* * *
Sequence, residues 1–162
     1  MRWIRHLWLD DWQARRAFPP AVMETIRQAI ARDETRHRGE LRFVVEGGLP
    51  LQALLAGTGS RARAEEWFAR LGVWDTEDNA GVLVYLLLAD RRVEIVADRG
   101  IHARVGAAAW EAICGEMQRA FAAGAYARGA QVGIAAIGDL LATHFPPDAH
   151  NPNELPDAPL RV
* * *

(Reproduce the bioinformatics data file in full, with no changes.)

Sequence, residues 1–162
     1  MRWIRHLWLD DWQARRAFPP AVMETIRQAI ARDETRHRGE LRFVVEGGLP
    51  LQALLAGTGS RARAEEWFAR LGVWDTEDNA GVLVYLLLAD RRVEIVADRG
   101  IHARVGAAAW EAICGEMQRA FAAGAYARGA QVGIAAIGDL LATHFPPDAH
   151  NPNELPDAPL RV